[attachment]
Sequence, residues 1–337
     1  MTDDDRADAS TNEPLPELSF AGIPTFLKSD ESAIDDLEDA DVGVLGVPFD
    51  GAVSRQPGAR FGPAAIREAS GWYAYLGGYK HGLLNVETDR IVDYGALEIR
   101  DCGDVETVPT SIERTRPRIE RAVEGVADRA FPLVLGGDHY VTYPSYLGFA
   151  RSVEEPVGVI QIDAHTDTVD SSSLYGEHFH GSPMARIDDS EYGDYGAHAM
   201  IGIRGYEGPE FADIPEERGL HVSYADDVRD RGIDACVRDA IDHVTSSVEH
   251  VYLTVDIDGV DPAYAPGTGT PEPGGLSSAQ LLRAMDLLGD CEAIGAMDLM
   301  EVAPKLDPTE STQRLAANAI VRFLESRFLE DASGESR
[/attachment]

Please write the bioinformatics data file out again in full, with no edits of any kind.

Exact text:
Sequence, residues 1–337
     1  MTDDDRADAS TNEPLPELSF AGIPTFLKSD ESAIDDLEDA DVGVLGVPFD
    51  GAVSRQPGAR FGPAAIREAS GWYAYLGGYK HGLLNVETDR IVDYGALEIR
   101  DCGDVETVPT SIERTRPRIE RAVEGVADRA FPLVLGGDHY VTYPSYLGFA
   151  RSVEEPVGVI QIDAHTDTVD SSSLYGEHFH GSPMARIDDS EYGDYGAHAM
   201  IGIRGYEGPE FADIPEERGL HVSYADDVRD RGIDACVRDA IDHVTSSVEH
   251  VYLTVDIDGV DPAYAPGTGT PEPGGLSSAQ LLRAMDLLGD CEAIGAMDLM
   301  EVAPKLDPTE STQRLAANAI VRFLESRFLE DASGESR